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 Headdress I                Headdress II
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These two spectacularly ornamented African birds were chosen as a pairing of portraits for very obvious reasons! The secretary bird (Headdress I,  Sagittarius serpentarius) sports long, black, quill like feathers from the back of its head, that are tipped in white, while the Grey crowned crane (Headdress II, Balearica regubrum) showcases a dome like crown of thin, stiff feathers individually ringed in white and tipped in black. I always like to learn something new about each species that I depict in my artwork and in doing this pair I chose to focus on the purpose of these specialized plumes.

 Generally, in bird species where there is sexual dimorphism (males and females differing in appearance), most biologists agree that ornamental plumage on males is used to make them appear attractive to potential mates. Often, feathers are ruffled, lifted, fanned or wagged in a showy fashion during breeding season. In the case of the secretary bird and crowned crane, however, both sexes have the same head gear. So what gives? Secretary birds are able to lift and spread the feathers on the back of their head at will, the feathers laying flat most of the time. Usually this is during times of excitement and/or alarm. Many other species of birds are also able to raise head crests or fan tail feathers during such times. Most behaviorists agree that these signals are used to indicate an individual's emotional state to other birds. In contrast, the crown crane's halo seems to be a stationary decoration. But what is its purpose if both sexes have one and it doesn't move? - these are the questions I ask myself as I'm working!

Certainly cranes are known for their elaborate courtship "dances" and it has been suggested that as they raise and lower their heads in dramatic fashion, the crowns act as further visual stimuli, but I really did not come up with a solid answer to this question. Secretary birds, although not cranes, but birds of prey, resemble cranes in also having elaborate courtship behavior, and in both cases either males or females can initiate mating with the pairing being monogamous. A lot is at stake in obtaining a lifelong mate and ornamental feathers can play an important role in this regard. I wondered if this feature of the crowned crane had to do with imprinting of the chicks. Many birds raise and feed their young for a long period of time. Chicks need to zone in on the appearance of their parents in order to survive and learn how to identify potential mates in the future. Perhaps the "crown" is just an identifying feature and nothing more.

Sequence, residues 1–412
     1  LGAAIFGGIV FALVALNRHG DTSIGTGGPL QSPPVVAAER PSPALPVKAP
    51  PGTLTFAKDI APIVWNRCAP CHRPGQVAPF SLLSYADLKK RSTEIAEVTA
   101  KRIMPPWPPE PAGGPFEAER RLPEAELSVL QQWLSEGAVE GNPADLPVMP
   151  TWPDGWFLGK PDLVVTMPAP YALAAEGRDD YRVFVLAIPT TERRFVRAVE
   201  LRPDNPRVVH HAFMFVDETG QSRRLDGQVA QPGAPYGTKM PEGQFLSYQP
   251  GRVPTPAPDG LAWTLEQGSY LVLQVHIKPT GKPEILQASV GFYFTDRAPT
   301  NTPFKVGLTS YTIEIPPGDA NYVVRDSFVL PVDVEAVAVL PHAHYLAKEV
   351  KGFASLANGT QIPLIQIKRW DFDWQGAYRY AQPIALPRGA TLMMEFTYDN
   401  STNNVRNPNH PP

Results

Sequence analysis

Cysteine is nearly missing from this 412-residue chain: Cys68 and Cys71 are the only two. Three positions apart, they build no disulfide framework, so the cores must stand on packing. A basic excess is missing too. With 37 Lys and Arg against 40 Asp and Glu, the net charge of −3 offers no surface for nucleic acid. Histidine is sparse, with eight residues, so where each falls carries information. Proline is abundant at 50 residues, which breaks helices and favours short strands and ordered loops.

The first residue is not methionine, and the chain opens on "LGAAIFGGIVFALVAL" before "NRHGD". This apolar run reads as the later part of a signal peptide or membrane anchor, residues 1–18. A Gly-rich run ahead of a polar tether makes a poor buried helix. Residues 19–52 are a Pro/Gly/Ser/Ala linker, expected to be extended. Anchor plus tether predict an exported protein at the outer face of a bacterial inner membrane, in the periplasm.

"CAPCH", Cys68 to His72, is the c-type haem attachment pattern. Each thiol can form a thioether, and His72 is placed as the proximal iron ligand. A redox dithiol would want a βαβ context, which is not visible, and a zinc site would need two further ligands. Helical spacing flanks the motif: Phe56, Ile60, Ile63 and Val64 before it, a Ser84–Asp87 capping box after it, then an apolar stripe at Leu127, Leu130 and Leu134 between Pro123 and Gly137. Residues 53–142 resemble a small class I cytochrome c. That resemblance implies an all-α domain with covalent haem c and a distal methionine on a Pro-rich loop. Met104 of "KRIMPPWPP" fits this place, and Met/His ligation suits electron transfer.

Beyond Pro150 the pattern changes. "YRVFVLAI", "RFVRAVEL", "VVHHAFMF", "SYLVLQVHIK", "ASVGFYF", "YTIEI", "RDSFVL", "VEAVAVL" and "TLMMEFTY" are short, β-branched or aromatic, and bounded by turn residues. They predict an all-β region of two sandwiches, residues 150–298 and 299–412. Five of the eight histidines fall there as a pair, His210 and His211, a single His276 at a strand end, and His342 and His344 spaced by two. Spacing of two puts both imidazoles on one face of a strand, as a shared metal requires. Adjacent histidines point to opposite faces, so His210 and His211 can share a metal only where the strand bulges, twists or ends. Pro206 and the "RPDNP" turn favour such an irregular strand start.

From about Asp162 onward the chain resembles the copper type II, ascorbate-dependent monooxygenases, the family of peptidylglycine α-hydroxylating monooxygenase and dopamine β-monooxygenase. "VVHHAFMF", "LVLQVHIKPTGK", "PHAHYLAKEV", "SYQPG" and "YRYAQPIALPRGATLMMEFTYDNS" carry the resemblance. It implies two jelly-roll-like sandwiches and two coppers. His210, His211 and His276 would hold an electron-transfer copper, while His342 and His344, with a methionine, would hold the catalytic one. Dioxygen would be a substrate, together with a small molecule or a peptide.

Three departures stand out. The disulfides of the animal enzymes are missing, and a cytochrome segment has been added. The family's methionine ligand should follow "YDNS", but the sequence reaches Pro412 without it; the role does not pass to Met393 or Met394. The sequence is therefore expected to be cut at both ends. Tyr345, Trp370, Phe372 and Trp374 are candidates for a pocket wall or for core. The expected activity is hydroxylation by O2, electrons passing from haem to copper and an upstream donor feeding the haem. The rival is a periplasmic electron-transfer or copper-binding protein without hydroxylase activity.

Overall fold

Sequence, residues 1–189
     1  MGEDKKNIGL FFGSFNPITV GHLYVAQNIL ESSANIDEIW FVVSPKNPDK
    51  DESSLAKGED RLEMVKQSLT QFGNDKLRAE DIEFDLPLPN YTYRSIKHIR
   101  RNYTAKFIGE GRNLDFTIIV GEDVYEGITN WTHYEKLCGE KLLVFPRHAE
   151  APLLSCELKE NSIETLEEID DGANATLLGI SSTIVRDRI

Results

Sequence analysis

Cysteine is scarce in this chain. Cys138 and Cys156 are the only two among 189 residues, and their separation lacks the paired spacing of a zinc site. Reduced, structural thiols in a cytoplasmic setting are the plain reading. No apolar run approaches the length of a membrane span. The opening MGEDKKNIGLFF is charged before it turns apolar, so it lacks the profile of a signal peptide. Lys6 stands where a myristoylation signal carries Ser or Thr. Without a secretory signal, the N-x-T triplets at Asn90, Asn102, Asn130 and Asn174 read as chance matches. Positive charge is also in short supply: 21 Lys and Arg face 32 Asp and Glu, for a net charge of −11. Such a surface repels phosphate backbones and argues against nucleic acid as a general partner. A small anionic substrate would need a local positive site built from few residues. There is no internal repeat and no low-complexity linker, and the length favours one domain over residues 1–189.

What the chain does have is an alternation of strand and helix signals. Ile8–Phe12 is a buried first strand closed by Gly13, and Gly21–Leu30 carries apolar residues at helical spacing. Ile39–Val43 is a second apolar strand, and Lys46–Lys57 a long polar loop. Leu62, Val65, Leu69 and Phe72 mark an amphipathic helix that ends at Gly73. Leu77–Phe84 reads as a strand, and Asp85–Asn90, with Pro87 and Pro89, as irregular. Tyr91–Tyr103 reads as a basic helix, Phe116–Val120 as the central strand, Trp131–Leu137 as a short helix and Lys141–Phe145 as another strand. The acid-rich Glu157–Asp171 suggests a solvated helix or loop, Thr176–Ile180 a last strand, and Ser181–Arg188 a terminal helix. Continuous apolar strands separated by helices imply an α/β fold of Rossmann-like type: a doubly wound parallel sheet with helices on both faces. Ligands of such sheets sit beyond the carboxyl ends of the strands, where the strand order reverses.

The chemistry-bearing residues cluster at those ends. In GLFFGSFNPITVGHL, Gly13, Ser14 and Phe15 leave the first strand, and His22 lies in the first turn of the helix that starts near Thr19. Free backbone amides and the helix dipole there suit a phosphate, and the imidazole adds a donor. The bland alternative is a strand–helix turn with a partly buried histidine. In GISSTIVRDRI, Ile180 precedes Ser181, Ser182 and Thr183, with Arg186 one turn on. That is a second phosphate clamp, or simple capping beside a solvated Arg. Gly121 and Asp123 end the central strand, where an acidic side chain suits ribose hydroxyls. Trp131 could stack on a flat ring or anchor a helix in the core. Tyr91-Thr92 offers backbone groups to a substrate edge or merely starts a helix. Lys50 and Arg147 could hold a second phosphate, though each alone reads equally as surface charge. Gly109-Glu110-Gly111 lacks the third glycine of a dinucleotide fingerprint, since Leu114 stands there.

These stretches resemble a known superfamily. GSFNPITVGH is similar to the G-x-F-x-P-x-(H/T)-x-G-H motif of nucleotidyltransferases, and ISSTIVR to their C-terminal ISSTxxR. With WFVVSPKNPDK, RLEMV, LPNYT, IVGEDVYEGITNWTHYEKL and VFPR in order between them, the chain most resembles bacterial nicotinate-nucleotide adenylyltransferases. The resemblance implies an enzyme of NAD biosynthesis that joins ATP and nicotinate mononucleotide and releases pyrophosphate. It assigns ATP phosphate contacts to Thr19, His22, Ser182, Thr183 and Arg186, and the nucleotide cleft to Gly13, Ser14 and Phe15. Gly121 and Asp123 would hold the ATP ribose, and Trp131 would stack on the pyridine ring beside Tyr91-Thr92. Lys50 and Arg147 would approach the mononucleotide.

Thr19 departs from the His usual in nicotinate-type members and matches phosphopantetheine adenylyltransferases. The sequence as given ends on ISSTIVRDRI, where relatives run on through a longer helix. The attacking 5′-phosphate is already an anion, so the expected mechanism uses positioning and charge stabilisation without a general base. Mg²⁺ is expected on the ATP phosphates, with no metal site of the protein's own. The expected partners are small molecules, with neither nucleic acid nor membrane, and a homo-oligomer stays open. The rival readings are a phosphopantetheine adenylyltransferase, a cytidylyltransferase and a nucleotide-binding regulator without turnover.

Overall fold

In reading further, my search took me through the evolution of ornamental plumage back to the age of dinosaurs. In 2007 a fossil was discovered of a dinosaur which had 8 inch long ribbon-like feathers adorning it. The age of this specimen gave good evidence that display feathers evolved long before those that enabled flight. Other examples of dinosaurs have also been unearthed showing elaborate feather structures predating flight. While their purpose on these specimens is speculation, it would seem that display feathers have had a complex and fascinating ancestry and evolution. Most scientists agree that these specializations in modern day birds are used to send important visual signals essential to a wide range of behaviors. I'm sure there may be better answers to my questions out there somewhere, but part of the fun for me is in the wondering, and at the end of the day, I'm still just as happy to observe and enjoy.